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USA Science & Engineering Festival – Role Models in Science & Engineering Achievement

Anita Roberts

Anita B. Roberts – Noted Molecular Biologist

She played a key role in shedding light on the mysteries of the protein TGF-beta, including defining its role in wound and bone fracture healing, cancer, heartbeat regulation and other biological responses. She is one of the most cited scientists in the world

As a scientist, Anita Roberts was always aware of how the public viewed scientific research, and therefore how incumbent it is on researchers "to get their science right." She once said: "Research takes a long, long time. I know the public is always looking for a 'magic bullet'. But our own biology is incredibly complex.' As basic scientists, we're all driven by our excitement in finding answers. We hope it ends up as something that becomes therapy. But that doesn't happen unless you have a basic understanding of the process. And that's what my work is all about."

A native of Pittsburgh, Pennsylvania, Anita graduated from Oberlin College in Ohio and received a doctoral degree in biochemistry from the University of Wisconsin. She did postdoctoral work as a National Institutes of Health fellow at Wisconsin and Harvard Medical School before becoming staff chemist at Aerospace Research Applications Center in Bloomington, Indiana. She then taught chemistry at Indiana University.

She joined the National Cancer Institute (part of the National Institutes of Health in Bethesda, MD) in 1976 and by 1990 rose to deputy chief of the Laboratory of Cell Regulation and Carcinogenesis, and then served as its acting chief, and later as its chief -- a position she held until 2004. She continued her research at the National Cancer Institute (NCI) until she died of gastric cancer in 2006.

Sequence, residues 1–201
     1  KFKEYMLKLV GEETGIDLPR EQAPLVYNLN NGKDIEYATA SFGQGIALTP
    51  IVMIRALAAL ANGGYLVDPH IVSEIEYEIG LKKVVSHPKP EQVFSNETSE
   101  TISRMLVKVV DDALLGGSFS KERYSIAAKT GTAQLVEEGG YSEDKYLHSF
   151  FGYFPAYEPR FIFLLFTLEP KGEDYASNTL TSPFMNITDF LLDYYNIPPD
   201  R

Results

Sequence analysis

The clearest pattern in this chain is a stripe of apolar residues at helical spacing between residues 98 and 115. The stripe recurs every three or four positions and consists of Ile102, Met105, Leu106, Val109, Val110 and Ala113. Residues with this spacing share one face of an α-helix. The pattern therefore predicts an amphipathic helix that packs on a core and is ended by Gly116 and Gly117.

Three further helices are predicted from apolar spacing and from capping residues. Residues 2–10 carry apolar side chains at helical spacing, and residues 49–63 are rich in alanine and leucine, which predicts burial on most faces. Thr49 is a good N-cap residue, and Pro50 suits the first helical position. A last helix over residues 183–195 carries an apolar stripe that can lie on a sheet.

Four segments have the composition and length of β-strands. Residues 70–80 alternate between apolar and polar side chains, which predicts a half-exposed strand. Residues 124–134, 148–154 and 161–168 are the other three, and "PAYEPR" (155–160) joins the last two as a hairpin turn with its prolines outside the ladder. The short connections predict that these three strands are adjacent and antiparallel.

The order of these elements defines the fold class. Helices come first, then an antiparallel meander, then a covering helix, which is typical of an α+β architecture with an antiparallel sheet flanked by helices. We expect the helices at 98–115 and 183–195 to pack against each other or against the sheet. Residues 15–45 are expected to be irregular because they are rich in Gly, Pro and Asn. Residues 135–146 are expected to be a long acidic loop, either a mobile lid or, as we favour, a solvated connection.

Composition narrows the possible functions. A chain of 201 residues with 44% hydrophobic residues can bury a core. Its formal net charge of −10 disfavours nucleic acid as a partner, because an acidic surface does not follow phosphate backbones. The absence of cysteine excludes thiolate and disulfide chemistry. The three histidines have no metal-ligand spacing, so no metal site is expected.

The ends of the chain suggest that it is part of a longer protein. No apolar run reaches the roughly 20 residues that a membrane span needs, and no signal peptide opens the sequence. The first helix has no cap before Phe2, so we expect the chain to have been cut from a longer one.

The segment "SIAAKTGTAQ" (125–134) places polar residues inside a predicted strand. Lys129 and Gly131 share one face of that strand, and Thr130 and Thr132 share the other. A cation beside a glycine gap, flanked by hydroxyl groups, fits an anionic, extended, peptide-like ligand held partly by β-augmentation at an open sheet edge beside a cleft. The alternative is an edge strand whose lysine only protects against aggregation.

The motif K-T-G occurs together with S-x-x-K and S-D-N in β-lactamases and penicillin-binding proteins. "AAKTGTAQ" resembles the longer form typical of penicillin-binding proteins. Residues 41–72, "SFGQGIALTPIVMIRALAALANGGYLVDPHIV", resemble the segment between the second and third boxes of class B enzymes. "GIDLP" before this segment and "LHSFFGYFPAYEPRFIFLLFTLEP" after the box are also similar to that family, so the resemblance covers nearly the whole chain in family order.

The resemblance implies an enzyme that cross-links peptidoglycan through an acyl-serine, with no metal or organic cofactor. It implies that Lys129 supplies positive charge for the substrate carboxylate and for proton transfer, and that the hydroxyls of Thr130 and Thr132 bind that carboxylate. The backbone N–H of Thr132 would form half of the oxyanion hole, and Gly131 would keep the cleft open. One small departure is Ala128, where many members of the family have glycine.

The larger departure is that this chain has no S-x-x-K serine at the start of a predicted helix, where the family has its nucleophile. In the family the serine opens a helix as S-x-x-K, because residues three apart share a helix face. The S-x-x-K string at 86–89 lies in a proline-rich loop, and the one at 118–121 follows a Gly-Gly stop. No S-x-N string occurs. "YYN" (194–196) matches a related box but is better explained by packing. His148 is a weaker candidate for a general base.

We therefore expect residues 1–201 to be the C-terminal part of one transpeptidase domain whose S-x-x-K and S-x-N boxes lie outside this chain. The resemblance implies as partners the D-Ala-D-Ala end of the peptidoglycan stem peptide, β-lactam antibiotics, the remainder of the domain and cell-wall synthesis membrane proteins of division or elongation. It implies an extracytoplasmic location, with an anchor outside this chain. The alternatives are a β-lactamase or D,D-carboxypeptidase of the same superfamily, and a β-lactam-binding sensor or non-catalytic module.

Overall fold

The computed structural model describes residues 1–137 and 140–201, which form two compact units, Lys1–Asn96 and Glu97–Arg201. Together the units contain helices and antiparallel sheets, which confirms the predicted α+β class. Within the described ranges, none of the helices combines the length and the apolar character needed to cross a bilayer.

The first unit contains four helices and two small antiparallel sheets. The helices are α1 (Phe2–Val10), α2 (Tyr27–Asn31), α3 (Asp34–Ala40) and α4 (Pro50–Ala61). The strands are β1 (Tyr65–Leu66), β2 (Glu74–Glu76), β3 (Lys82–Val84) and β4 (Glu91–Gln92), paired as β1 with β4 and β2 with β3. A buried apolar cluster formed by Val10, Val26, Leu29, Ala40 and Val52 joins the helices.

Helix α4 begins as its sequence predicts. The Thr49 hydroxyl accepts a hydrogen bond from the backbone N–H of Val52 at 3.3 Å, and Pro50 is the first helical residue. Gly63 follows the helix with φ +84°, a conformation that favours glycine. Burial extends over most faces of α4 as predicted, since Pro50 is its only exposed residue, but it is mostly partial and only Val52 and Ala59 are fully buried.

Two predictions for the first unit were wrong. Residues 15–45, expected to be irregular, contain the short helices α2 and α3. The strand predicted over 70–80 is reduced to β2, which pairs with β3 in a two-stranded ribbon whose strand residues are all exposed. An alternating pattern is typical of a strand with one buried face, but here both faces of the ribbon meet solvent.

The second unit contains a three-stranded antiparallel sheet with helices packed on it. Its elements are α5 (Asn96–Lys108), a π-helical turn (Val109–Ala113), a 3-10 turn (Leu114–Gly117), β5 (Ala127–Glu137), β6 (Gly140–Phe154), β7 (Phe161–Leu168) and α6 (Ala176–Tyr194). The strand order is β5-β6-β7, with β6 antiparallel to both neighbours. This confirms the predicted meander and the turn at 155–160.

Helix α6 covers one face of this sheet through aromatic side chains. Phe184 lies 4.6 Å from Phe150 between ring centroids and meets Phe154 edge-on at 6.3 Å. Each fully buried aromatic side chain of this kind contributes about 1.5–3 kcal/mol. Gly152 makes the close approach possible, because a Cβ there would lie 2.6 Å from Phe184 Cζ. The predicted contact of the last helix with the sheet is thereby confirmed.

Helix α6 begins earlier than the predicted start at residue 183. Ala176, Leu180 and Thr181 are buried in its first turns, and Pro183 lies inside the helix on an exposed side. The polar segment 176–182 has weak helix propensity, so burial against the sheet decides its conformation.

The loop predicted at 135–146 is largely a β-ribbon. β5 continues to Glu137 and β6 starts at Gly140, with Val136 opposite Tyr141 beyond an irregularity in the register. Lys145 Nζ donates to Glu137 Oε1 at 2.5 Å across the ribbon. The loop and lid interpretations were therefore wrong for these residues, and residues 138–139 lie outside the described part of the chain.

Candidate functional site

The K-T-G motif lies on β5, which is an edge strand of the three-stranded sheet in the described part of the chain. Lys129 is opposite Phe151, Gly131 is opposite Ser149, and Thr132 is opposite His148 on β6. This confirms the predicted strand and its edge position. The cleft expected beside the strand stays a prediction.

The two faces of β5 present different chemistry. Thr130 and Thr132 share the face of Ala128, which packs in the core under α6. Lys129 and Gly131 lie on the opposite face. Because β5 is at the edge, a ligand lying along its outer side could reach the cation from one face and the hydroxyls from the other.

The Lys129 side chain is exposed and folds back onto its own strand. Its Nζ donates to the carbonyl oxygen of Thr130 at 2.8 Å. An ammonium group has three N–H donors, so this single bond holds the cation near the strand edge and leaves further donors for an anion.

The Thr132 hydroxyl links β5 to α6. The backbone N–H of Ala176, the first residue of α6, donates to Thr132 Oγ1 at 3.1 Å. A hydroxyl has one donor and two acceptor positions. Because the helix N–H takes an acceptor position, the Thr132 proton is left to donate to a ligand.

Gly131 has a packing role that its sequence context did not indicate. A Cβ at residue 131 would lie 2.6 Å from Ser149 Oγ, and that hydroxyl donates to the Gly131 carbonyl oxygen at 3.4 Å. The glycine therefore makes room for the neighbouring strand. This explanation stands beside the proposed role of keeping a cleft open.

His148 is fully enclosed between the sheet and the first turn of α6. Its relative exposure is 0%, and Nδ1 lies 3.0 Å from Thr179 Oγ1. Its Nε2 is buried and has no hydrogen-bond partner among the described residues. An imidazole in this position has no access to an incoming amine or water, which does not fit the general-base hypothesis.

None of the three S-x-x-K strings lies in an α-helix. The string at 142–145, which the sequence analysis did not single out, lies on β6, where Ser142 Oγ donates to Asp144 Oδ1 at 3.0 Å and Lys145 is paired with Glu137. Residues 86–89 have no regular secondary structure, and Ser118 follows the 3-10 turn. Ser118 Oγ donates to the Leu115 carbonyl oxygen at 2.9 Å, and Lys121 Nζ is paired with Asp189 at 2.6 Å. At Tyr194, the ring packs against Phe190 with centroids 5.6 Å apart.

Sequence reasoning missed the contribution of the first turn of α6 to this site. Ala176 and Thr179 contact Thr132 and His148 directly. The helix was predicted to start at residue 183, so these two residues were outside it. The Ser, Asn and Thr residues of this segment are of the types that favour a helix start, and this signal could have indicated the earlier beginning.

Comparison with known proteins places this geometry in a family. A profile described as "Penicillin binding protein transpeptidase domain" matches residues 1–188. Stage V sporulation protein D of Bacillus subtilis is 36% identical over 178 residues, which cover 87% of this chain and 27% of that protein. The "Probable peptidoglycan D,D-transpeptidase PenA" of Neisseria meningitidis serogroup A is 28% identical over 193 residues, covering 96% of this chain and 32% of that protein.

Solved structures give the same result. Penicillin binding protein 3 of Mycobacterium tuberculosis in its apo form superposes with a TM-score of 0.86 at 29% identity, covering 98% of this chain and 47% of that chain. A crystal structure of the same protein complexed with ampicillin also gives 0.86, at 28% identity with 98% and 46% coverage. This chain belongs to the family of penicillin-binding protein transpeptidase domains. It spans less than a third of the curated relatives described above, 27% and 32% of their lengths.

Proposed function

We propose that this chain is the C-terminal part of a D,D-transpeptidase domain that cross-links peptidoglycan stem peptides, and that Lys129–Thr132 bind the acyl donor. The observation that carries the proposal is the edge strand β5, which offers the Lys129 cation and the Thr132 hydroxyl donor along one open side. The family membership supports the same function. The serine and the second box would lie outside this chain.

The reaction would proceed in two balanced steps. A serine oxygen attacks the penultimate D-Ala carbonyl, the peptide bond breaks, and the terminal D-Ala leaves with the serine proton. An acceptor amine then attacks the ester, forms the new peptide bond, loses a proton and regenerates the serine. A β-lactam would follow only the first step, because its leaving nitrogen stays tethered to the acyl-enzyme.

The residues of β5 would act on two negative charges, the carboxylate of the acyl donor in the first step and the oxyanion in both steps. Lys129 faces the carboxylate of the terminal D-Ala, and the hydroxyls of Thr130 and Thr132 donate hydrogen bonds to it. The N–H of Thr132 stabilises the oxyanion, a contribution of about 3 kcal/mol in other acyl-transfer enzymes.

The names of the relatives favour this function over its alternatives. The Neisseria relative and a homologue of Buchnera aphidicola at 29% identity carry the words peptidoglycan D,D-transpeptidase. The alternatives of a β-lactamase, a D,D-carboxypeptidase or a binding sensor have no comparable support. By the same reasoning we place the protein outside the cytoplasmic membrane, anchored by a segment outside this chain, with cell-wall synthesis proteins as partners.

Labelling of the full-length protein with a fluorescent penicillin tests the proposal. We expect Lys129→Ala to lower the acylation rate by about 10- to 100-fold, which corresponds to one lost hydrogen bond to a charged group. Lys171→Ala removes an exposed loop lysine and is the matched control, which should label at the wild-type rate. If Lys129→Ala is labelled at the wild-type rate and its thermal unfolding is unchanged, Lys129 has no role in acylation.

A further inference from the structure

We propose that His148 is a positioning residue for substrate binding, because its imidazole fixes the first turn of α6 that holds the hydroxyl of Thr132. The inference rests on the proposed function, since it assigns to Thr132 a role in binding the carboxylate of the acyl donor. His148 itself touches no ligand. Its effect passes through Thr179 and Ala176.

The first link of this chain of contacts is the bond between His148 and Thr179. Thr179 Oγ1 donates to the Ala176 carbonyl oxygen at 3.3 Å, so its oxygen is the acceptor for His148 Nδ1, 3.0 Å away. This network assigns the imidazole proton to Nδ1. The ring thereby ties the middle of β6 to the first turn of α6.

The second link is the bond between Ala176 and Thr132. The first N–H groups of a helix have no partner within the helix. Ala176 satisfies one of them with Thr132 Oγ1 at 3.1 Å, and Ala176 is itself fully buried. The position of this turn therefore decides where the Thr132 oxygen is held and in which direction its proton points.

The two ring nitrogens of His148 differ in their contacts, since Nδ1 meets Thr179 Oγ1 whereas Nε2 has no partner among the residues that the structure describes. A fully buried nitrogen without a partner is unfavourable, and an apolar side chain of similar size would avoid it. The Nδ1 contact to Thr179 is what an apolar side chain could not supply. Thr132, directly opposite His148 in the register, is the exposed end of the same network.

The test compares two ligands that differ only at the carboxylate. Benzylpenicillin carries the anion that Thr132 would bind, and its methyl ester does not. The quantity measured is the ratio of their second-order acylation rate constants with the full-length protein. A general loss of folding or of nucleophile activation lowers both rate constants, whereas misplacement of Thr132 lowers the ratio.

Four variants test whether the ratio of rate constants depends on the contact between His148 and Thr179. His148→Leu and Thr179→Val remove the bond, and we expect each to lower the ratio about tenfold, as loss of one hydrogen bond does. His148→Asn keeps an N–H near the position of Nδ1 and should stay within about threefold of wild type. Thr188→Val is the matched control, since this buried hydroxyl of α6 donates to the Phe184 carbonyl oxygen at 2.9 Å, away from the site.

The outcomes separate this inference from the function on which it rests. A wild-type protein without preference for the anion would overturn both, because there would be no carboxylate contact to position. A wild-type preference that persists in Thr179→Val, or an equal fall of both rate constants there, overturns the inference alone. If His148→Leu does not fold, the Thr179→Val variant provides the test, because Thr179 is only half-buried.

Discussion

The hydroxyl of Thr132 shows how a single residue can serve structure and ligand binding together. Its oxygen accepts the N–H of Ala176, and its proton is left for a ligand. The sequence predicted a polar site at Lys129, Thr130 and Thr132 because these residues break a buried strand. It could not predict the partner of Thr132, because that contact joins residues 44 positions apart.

In the early 1980s, she and her colleagues at the NCI began to experiment with the protein known as "Transforming Growth Factor Beta", (or more commonly referred to as TGF-beta).

Why She's Important: After conducting experiments that included isolating TGF-beta from bovine kidney tissue and comparing her results with samples of this protein taken from human blood platelets and placental tissue, Anita made groundbreaking findings that continue to aid physicians and medical researchers.

These discoveries included: that TGF-beta plays an important role in healing wounds as well as bone fractures. She also found that this protein plays a dual role of blocking and stimulating cancers (especially stimulating advanced cases of breast and lung cancer), autoimmune diseases, and helping to regulate heartbeat and the response of the eye to aging.

Education: Anita earned her Bachelor of Science degree from Oberlin College, and her Ph.D. in Biochemistry from the University of Wisconsin-Madison in 1968.

Other Achievements: She is rated the 49th most-cited scientist in the world and the third most-cited female scientist due to her groundbreaking contributions. Dr. Roberts was a former president of the Wound Healing Society, and in 2005, she was elected to the American Academy of Arts and Sciences. Her key awards and honors also include receiving the FASEB Excellence in Science Award, and the Komen Brinker Award for Scientific Distinction, both in 2005.

She herself was diagnosed with stage IV gastric cancer in March 2004. She earned a measure of fame in the cancer community for her blog which she wrote regularly to detail her daily challenges with the disease. This proved to be a source of information and inspiration to thousands of cancer patients and their families, especially coming from a noted scientist who had researched cancer during her career.

In Her Own Words: In commenting as a scientist how she felt when she was diagnosed with cancer, Anita candidly told the journal Cancer Research in 2006: "When I was first diagnosed, I was so angry about my research. I thought: 'What have I been doing for 25 years? Who cares what compound binds to what piece of DNA?' That lasted about a week. Then I realized that [through science] we now have drugs based on what we understand from our basic research."

She died of her cancer in 2006 at her home in Bethesda, Maryland. She was 66.

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